I have no doubt I was born to mother, in all of her visages.
I tried for several years to be just that, unsuccessfully. It was when I became resigned to the idea that I would birth a child that I then became pregnant with one.
Ironically, I did not see the blessing. I felt the timing was wrong; that I did not have enough money; that I didn’t live in the right place; that I needed a better support system, and the thoughts ran on and on ceaselessly.
I had just started a new job so didn’t tell anyone. I remember how exhausted I was in the first trimester and there were a couple of times my boss found me head down in front of my computer, snoring.
At 5 months I was not showing. At my ultrasound appointment my ob/gyn seemed to have trouble finding a heartbeat with the doppler. He looked concerned and didn’t make eye contact with me as he moved it around my belly. Finally, he found it but still looked concerned. He said the heartbeat was slower than it should be and that I should go home and rest. He was cold and detached in delivering this news and I did not know what it meant but also did not want to know so did not ask any questions. I did as he said and went home to rest.
My baby died the next day.
When I was in the hospital, I was in a ward of sorts that included mothers who had just had babies along with mothers who had just lost babies. As I lie in my bed I listened to the cries of newborns several feet away and my mourning began.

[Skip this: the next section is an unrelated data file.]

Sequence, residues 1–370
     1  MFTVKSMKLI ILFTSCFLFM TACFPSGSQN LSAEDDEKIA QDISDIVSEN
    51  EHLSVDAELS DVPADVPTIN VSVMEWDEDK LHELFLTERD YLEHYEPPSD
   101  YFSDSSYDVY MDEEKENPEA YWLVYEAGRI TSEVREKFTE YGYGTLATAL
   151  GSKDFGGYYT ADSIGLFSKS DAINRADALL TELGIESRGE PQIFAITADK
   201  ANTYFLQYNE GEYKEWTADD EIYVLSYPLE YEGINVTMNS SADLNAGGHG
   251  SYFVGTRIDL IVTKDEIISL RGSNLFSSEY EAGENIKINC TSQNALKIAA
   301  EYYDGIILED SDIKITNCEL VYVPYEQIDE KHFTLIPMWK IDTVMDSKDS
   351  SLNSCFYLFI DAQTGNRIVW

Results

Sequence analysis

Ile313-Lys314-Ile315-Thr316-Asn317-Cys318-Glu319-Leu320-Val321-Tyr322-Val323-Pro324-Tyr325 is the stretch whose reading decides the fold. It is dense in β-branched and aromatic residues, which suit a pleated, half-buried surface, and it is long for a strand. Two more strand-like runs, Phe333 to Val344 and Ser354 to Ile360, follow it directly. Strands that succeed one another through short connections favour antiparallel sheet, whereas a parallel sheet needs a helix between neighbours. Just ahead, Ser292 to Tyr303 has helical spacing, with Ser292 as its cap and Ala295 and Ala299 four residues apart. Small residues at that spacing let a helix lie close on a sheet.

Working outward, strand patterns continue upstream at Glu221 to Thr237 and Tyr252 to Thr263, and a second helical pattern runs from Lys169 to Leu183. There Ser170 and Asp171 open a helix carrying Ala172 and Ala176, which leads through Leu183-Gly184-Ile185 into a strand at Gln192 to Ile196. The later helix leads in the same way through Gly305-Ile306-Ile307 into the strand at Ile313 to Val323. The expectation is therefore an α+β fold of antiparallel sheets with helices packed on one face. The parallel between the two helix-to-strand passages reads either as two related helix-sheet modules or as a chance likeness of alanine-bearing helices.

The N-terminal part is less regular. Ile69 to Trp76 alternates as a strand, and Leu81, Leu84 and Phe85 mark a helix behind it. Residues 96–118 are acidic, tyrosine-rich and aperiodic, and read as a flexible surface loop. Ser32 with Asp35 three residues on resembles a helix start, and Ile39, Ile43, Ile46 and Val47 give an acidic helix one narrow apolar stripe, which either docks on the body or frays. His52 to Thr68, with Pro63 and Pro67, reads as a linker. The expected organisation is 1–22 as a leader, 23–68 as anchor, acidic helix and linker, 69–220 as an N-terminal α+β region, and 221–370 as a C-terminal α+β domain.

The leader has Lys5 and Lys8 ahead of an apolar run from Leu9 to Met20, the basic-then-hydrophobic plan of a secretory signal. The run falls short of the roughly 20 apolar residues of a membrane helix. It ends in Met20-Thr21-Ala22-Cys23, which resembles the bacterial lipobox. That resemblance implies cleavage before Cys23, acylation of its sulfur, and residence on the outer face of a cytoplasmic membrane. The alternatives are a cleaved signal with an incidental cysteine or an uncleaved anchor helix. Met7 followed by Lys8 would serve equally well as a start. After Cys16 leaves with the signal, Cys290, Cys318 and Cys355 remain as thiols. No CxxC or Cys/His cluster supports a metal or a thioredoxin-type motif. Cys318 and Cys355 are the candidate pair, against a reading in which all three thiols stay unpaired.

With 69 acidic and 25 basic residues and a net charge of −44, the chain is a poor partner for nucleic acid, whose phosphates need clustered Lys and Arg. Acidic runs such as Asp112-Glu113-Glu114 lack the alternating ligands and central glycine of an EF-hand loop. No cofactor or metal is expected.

I asked my doctor why it happened. He remained quite cold and explained that sometimes there are just chromosomal abnormalities, especially in first births, and that this was mother nature’s way of addressing it. Where on earth did I find this guy and how was he still in business?
‘Miscarriage’ as a word sounds so unemotional, like something you might apply to a fallen bag of groceries. When you leave the hospital after a miscarriage, you leave eerily empty-handed, in comparison to what you are supplied with then you leave with a living infant.
Grieving a child that no one has ever seen is a silent solitary cause; a physical, emotional and spiritual pain acted out behind the curtains.
I named him Nathan. Today, he would be 17 years old.
What am I grateful for?
- Angelic love.
- Grasping the meaninglessness of planned timing in that ‘life‘ cannot be time-lined.
- Developing a mind that releases worry in acknowledgement of endless supply.
- Developing faith and hope, in things unseen.